Don’t Worry Darling: A Spoiler Free Review


Meghana Kakani

A silhouette of Harry Styles, playing Jack Chambers, and Florence Pugh as his wife Alice is pictured. Yasmin Garada reviews “Don’t Worry Darling”,

Yasmin Garada, Staff Writer

A clink of a martini glass, the retro-chic convertibles, and uniform cocktail dresses, Olivia Wilde’s psychological thriller “Don’t Worry Darling” made its debut in theaters on Sept. 23, and built quick tension between viewers with a Rotten Tomato rating of only 38%.

Taking place in a desert town known as Victory, a utopia through and through, decorated with midcentury homes at the end of a cul-de-sac, young families find themselves fulfilled by their homogeneous schedule under the idyllic shimmer of the Southern California sun.

Given that the film is set in the 1950s, the citizens and cast are more racially diverse than expected, yet their actions follow an eerily standard pattern through the routine they follow. 

Tidy uniforms, taking off to work at the same time, the wives kissing their husbands goodbye, and the unwavering smiles of women- Wilde paints a seemingly perfect scene, but cracks become increasingly obvious.

Domestic bliss is soon interrupted by unexplained visions of a plane crash, Busby Berkeley-style dancing girls, and flashes of our protagonist, Alice Chambers, in what she believes to be another life. After being gaslit and convinced she’s just stressed, she’s driven onto the brink of insanity and an overwhelming need to find the source of her pain.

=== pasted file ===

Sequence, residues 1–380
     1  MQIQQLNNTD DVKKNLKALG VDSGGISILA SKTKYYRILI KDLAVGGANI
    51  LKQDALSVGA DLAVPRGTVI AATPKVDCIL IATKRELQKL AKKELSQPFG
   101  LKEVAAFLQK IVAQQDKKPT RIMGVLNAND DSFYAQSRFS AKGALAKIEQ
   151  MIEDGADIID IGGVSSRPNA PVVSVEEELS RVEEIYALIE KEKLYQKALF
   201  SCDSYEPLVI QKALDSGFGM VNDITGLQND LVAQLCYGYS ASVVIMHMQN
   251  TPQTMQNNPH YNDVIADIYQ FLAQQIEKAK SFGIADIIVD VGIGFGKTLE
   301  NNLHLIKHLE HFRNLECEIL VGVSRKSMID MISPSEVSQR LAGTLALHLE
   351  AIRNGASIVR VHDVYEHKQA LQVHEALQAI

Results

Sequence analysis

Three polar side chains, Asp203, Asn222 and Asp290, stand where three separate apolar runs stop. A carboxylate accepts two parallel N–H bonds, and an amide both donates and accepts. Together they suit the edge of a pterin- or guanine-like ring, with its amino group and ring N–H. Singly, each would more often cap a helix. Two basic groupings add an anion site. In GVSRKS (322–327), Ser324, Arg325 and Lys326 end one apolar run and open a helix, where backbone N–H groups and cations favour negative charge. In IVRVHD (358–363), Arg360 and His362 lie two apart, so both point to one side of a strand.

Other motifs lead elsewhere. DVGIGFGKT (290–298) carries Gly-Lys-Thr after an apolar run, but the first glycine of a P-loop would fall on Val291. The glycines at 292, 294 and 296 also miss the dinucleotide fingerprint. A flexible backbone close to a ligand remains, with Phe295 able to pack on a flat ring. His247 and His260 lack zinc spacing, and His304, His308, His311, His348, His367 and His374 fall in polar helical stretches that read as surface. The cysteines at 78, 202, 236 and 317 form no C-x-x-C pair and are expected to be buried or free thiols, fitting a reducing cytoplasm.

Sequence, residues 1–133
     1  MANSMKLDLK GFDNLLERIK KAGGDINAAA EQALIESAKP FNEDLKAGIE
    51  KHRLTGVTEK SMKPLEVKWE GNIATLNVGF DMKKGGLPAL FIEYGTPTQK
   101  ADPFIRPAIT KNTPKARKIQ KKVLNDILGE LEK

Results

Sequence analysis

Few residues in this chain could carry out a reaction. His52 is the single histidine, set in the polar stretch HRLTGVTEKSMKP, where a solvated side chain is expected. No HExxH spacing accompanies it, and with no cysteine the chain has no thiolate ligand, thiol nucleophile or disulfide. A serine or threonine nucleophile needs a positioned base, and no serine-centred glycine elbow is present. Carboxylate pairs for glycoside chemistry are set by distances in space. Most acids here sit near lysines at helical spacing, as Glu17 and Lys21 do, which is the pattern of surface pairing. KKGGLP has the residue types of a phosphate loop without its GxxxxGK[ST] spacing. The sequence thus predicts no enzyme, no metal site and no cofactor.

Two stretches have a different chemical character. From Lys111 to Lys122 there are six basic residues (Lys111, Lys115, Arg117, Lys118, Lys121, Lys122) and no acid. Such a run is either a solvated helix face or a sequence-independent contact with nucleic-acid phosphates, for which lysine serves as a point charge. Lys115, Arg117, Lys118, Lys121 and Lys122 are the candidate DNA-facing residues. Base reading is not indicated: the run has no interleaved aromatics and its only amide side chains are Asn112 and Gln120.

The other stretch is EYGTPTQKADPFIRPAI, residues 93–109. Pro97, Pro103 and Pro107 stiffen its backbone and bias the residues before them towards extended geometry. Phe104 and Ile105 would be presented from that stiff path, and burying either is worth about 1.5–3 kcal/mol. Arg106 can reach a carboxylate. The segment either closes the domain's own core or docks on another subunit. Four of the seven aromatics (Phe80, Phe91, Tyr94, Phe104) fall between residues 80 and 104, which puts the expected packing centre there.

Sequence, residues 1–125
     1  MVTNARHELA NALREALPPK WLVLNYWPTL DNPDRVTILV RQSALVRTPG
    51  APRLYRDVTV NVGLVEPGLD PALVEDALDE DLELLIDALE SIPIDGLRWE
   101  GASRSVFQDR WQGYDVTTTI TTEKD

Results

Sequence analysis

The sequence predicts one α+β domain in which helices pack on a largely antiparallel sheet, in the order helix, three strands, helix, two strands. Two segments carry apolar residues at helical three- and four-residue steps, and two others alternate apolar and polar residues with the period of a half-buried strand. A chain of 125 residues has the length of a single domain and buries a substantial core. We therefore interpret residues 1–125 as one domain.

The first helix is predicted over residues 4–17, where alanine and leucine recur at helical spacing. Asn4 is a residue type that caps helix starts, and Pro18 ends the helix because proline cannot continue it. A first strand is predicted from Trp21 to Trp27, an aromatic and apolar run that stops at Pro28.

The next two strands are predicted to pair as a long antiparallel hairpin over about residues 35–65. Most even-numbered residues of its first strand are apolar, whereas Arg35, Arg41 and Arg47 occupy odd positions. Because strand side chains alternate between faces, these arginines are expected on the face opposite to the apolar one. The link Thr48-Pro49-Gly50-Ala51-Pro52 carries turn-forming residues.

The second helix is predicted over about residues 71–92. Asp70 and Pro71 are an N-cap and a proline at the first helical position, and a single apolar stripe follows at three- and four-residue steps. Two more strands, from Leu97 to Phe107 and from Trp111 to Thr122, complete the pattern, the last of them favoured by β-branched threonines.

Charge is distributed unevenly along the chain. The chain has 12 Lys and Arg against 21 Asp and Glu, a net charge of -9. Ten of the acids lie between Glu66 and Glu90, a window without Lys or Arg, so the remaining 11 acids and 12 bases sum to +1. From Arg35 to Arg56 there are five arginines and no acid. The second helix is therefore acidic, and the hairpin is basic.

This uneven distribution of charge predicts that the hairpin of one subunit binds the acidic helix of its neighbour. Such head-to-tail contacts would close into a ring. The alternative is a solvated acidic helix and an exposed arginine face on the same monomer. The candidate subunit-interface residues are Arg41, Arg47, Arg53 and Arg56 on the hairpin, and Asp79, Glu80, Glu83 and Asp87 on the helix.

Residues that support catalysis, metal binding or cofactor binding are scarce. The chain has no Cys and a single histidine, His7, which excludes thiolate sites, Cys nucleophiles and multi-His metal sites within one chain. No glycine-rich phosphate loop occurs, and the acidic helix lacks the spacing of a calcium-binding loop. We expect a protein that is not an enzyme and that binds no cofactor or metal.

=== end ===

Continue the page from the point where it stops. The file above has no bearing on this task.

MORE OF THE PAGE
Through its erratic pacing and sudden epiphanies, what was originally a romance drama period piece leaves us with a dizzying and tension-filled plot to uncover the destructive secrets behind such a flawless world.

Though the movie itself had gleaming cinematography, the media coverage over uncovered drama between the director and cast members took over any focus on the actual movie. Harry Styles’ casting as Jack Chambers fits the premise of the movie, yet Wilde found herself in an interview with Variety accused of having fired Shia LaBeouf, the original cast for Jack. LaBeouf later refuted her statement, saying he left the film on his own accord and provided a long list of receipts to back his story.

With cast breakups, feuds, and text leaks, the movie garnered much attention for the wrong reasons. Despite all this, it’s hard to dispute that Florence Pugh’s emotional excellence within the role of Alice was unmatched. With her screen time being the longest, her scenes gained a major advantage for the movie as a whole.

“Don’t Worry Darling” leads up to an ending that will leave you with more questions than you started with. It’s safe to say that the post-movie conversations and theories will be more stimulating than the movie itself.